EXTERNAL EFFECTS OF DIESEL TRUCKS CIRCULATING INSIDE THE SAO PAULO MEGACITY

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Citações na Scopus
14
Tipo de produção
article
Data de publicação
2019
Título da Revista
ISSN da Revista
Título do Volume
Editora
OXFORD UNIV PRESS
Autores
HE, Jiaxiu
SALVO, Alberto
Citação
JOURNAL OF THE EUROPEAN ECONOMIC ASSOCIATION, v.17, n.3, p.947-989, 2019
Projetos de Pesquisa
Unidades Organizacionais
Fascículo
Resumo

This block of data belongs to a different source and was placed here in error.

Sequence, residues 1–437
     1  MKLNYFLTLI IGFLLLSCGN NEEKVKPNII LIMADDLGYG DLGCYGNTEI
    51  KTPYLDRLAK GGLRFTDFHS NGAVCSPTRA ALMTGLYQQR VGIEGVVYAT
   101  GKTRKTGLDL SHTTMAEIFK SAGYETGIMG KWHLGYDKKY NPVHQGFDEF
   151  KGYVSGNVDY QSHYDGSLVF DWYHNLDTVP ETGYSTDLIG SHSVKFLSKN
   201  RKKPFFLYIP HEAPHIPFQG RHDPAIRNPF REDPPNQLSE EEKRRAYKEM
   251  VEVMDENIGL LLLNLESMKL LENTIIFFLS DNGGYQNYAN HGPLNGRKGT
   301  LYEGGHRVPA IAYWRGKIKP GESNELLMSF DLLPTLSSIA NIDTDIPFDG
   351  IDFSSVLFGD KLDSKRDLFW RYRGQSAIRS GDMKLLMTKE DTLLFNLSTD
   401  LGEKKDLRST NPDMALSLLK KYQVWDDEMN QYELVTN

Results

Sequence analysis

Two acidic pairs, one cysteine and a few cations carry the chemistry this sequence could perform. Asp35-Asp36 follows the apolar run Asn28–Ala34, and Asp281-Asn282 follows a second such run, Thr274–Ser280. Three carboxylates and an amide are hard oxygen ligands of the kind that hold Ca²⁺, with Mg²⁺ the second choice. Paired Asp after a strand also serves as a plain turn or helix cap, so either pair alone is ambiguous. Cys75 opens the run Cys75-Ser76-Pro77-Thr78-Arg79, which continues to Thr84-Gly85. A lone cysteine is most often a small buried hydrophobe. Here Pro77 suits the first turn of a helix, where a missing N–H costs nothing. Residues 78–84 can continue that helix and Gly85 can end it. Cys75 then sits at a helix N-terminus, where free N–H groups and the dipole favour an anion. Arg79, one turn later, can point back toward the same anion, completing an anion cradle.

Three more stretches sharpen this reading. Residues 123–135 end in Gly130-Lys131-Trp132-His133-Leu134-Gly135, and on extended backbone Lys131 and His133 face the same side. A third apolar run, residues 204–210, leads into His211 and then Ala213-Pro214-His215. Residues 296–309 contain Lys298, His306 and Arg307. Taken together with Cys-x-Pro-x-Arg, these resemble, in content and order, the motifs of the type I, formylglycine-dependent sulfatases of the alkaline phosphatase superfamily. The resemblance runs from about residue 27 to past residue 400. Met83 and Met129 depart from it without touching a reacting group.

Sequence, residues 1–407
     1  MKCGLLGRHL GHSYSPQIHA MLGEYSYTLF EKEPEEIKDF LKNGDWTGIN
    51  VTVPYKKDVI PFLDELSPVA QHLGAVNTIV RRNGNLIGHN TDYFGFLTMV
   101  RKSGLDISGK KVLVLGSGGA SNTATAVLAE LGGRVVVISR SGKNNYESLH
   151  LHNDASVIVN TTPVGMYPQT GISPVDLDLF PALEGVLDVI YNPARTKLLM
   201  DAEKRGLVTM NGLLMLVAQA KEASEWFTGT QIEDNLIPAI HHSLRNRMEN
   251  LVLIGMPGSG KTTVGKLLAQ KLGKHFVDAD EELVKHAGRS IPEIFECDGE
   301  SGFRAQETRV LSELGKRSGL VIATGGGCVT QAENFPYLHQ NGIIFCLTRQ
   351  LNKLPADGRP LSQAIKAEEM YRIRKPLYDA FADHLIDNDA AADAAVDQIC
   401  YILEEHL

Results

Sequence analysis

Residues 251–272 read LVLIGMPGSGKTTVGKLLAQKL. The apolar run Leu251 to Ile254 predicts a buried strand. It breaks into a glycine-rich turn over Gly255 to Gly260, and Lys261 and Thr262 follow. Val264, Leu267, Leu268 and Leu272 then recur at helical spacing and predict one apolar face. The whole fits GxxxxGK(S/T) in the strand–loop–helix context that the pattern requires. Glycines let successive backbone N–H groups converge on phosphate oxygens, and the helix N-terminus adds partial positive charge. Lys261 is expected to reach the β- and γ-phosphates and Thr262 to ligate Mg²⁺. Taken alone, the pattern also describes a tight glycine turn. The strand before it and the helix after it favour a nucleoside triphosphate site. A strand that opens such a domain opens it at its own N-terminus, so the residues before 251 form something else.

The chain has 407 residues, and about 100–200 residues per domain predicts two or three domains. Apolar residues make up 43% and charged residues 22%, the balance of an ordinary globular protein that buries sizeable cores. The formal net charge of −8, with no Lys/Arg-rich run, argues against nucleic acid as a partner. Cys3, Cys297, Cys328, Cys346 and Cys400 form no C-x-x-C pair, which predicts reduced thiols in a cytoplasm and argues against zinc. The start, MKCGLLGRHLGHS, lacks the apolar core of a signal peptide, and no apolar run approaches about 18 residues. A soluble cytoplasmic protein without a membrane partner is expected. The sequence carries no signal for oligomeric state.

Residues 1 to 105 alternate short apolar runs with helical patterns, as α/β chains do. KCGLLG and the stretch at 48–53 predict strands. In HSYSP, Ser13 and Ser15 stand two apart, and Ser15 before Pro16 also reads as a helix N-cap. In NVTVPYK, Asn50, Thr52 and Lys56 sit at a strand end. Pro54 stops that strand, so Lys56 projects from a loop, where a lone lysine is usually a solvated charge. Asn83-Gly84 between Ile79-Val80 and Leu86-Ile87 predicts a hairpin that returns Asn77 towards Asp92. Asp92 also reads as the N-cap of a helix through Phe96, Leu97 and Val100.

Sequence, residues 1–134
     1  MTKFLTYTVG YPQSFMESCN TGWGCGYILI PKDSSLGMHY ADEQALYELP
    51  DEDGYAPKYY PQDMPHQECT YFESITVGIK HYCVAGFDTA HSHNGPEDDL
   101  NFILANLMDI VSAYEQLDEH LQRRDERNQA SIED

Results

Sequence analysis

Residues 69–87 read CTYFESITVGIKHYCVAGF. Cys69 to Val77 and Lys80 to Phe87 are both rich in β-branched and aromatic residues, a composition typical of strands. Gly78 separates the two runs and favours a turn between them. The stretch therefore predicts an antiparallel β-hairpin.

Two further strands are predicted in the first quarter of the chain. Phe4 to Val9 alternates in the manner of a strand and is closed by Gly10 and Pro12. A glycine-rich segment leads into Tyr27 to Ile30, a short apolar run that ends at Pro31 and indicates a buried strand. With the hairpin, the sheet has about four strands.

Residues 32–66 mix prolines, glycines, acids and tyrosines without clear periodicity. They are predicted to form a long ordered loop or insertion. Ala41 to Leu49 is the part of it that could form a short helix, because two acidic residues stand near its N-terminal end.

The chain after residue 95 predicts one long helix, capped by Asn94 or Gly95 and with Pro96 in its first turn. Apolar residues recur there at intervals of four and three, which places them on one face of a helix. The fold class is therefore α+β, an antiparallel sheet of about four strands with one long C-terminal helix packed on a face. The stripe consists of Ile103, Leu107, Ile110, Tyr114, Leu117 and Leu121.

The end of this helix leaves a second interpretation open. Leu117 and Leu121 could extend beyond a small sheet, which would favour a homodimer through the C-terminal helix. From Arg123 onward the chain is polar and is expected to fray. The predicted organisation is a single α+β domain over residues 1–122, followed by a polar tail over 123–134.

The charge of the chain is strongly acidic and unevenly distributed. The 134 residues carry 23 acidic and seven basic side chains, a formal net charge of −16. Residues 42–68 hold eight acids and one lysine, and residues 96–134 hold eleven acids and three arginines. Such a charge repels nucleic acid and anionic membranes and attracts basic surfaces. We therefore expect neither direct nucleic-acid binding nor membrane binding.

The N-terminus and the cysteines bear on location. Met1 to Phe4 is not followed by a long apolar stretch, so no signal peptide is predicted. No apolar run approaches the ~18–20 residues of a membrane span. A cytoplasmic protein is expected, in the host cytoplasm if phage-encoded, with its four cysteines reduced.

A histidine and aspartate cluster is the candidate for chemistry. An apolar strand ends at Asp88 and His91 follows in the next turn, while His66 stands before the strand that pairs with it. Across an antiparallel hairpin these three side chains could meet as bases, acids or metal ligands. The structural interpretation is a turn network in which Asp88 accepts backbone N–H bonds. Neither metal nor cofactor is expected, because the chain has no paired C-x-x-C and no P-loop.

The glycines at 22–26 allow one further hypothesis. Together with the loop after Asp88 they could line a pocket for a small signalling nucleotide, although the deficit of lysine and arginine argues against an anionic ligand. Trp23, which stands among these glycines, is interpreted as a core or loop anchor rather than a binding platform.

The medical literature documents adverse health effects of acute exposure to diesel exhaust, yet quasi-experimental evidence of a policy intervention sustained over months at the scale of a metropolis is lacking. Exploiting the inauguration of a beltway that removed 20,000 cargo trucks passing daily through inner-city roads in Sao Paulo, we examine the spatially differentiated impacts on the megacity's traffic, air quality and public health. We combine rich panel data on road congestion, ambient NOx concentrations (as a signature of diesel exhaust), and hospital admissions and deaths. The policy reduced congestion, pollution, and hospitalizations, with effects attenuating at increasing distances from a key inner-city corridor used by the transit trucks prior to the beltway opening. The change in congestion was transient, as gasoline-ethanol passenger cars responded by filling the space the diesel trucks left behind. Effects on air and health persisted thanks to the compositional change in road users. We use 2SLS regression, taking policy-induced variation in NOx to instrument for measured pollution, to quantify about one annual hospitalization for every 10-20 trucks-and one annual death for every 100-200 trucks-using inner-city roads. Policymakers in megacities where humans and diesel vehicles reside and transit in close proximity may learn from Sao Paulo's experience.
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